Plaque honours Macphail's place in history 0
Recognition of Canada's first woman parliamentarian as a person of national historic significance has been marked with the unveiling of a commemorative plaque.
"Public service was her life and for this we value her hard work and honour her contributions to Canada," said Bruce-Grey Owen Sound MP Larry Miller, during a special ceremony on Saturday (July 16) at Agnes Macphail's former residence in Ceylon, west of Flesherton.
Macphail was designated a person of national historic interest in 1985 but that honour was publicized with Saturday's ceremony.
Born in the former Proton Township on March 24, 1890, Agnes Campbell Macphail became an early advocate for farmers. In the 1921 federal election she swept to victory defeating the incumbent by over 2,500 votes as the member of the Progressive Party of Canada for the riding of South-East Grey. Her victory marked the first time a woman was elected to the House of Commons.
Her success at the polls was due to the support of two groups new to politics in Canada-the United Farmers of Ontario, organized in 1914 to articulate rural political demands and women who had been become enfranchised as federal voters in 1919.
A remarkable public figure in her time, Macphail became an outspoken champion for fairness, equal rights, social justice and a strong advocate for peace and disarmament.
During Saturday's commemorative ceremony Barbara Mayer, one of the owners of the Macphail residence along with her husband Joseph, paid tribute to Macphail as a strong parliamentarian and shining example for other women in years to come.
"In parliament she was a force to be reckoned with. She was a beacon of light for other women to follow. So Agnes I would say this symbol in your honour is long overdue and richly deserved and now will be for all to see," Mayer said.
Macphail's niece Jean Clunas, 86, recalled many happy times in her late teens and early 20s visiting her aunt in Ceylon with her twin sister and another cousin.
" (Agnes) took us many places. I remember her well. She was a wonderful aunt. She was never cross with us. We could get into her stuff, cosmetic, shoes and that was fine with her. She got us some of our prettiest clothes . . . She wore capes all the time and I started wearing capes because of that," said Clunas during an interview.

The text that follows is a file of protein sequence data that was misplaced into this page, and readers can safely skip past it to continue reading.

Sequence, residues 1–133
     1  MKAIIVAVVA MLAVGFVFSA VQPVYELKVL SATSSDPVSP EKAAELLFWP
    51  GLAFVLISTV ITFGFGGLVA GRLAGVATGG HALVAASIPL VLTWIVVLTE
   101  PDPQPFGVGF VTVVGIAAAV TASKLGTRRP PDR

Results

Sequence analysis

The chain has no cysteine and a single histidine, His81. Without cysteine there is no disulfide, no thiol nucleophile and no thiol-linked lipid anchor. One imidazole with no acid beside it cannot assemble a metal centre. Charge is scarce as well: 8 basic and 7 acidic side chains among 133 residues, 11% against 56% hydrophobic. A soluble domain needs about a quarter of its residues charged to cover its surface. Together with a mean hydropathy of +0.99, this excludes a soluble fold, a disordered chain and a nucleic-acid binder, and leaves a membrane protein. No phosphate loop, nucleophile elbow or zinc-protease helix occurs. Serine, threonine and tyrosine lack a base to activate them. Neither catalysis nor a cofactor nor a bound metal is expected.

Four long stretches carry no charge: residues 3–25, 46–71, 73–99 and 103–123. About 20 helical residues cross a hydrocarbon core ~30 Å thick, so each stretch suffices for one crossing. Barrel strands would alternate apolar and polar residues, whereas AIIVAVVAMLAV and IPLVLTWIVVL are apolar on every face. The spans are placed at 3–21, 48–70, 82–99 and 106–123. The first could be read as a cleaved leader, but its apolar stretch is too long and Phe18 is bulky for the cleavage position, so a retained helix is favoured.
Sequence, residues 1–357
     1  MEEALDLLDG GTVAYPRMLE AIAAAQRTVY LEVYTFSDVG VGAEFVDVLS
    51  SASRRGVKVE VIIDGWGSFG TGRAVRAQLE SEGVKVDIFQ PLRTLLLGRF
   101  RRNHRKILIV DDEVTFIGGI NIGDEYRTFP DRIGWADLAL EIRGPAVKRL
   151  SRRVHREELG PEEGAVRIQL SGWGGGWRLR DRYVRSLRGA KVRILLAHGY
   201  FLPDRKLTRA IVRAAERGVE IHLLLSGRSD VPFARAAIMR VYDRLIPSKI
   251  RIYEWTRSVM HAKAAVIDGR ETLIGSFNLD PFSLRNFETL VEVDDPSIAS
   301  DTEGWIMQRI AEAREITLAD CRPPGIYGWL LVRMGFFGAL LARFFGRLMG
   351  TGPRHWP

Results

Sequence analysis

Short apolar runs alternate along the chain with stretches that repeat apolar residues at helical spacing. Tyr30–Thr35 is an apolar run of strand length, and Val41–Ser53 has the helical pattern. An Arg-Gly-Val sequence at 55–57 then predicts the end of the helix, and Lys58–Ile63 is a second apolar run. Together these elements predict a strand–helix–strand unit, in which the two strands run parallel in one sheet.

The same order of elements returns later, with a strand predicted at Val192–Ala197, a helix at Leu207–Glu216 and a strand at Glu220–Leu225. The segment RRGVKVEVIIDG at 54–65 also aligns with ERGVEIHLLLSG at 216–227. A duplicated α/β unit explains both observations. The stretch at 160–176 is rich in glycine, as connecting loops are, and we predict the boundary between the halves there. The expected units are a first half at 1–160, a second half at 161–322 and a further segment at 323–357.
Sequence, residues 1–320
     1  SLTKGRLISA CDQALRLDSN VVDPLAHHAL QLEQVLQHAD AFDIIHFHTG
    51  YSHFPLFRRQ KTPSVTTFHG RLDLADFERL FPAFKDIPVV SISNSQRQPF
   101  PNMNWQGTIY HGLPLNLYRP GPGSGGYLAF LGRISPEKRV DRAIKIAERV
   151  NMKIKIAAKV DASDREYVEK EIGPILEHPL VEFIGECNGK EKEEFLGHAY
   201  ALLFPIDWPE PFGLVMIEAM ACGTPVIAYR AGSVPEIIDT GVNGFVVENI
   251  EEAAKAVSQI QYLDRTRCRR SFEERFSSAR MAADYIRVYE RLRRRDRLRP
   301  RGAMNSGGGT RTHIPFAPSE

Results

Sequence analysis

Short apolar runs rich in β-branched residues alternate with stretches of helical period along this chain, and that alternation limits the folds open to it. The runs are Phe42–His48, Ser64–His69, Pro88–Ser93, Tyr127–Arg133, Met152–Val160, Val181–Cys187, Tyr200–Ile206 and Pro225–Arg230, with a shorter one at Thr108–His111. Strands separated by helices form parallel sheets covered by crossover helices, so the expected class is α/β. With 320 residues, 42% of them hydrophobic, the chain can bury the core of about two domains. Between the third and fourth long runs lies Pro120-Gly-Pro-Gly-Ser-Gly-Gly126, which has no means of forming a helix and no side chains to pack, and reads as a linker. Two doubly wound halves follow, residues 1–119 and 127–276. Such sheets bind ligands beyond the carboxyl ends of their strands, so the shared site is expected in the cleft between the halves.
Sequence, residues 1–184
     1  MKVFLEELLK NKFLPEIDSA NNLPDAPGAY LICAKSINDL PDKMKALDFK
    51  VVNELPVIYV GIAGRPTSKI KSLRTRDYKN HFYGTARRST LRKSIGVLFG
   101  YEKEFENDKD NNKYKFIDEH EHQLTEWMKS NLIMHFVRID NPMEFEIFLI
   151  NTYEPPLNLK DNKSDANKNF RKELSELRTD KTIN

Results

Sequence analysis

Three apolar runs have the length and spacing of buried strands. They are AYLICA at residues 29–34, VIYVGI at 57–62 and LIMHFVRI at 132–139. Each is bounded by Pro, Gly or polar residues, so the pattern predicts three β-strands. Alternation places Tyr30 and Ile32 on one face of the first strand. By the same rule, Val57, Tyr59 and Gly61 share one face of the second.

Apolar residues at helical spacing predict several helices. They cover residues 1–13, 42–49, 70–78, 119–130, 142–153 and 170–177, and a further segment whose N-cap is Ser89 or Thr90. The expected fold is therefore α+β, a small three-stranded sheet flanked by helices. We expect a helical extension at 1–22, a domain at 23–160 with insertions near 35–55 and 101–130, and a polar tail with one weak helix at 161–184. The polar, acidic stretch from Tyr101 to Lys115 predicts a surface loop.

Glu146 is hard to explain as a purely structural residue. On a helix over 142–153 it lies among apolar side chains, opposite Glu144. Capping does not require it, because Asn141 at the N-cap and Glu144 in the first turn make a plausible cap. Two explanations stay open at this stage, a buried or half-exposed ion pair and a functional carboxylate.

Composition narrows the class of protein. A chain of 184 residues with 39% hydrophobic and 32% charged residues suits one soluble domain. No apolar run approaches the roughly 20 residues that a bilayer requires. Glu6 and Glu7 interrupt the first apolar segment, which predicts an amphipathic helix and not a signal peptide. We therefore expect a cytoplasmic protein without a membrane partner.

Donna Mann, of Elora, the author of two books on Agnes Macphail's early years, noted the growth in awareness of Macphail in recent years with a web-site created by the Flesherton Library.
In June 2006 a section of Grey County Road 9 between Highway 6 and 10, was named in honour of Macphail along with the dedication of a cairn to her just a few kilometers from the family homestead east of Hopeville in Southgate.
The same year, highway signs labelled "You are now entering Agnes Macphail Country" were placed at the western entrance to the hamlet of Ceylon and on Grey Road 9, east of Hopeville.
In 2005, in a contest run by former Ontario MPP Marilyn Churley, Agnes Macphail was voted as the Greatest Ontario Woman.
Now the unveiling of a permanent plaque commemorates her as a person of national historic significance.
"We've awakened Canada to Agnes Macphail," Mann said.
Sharon Sinclair remembered Agnes Macphail in a lengthy poem. As a child she lived across the road from the house that belonged to the Tyler family who owned the house before Macphail bought it.
Grey Highlands Mayor Wayne Fitzgerald welcomed visitors to Ceylon on this memorable occasion.
Before running for public office Macphail had been a rural school teacher. During her years in parliament one of the ways she kept up contact with her constituents was through a regular local newspaper column entitled, 'Last Week in Parliament.'
Grey-Bruce voters elect Macphail to Ottawa as an independent and later as a member of the Co-operative Commonwealth Federation (CCF) until 1940.
She was active in the formation of the left leaning CCF in Ontario long before she shifted her career to the provincial legislature as the CCF member for East York ( 1943-45 and 1948-51). A publication put out by the Historic Sites and Monuments Board of Canada aptly describes Macphail as, "witty and forceful, fearless and uncompromising , Macphail left a lasting mark on Canadian public life.
When Macphail died unexpectedly in 1954, a nomination to the senate was under review.
Dr. Richard Alway, chair of the Historic Sites and Monuments Board of Canada, said Macphail is one of about 300 people that have been recognized as persons of national historic significance since the formation of the board in 1919.
He noted the importance of remembering important historic figures and events in our history as a way of helping Canadians to define the way we think of themselves as a society.
"History is to the nation as memory is to the individual. It gives meaning and context and identity. Without it we cannot know ourselves. By using it as a foundation, we can look to the future with confidence and a sense of broad possibility," Alway said.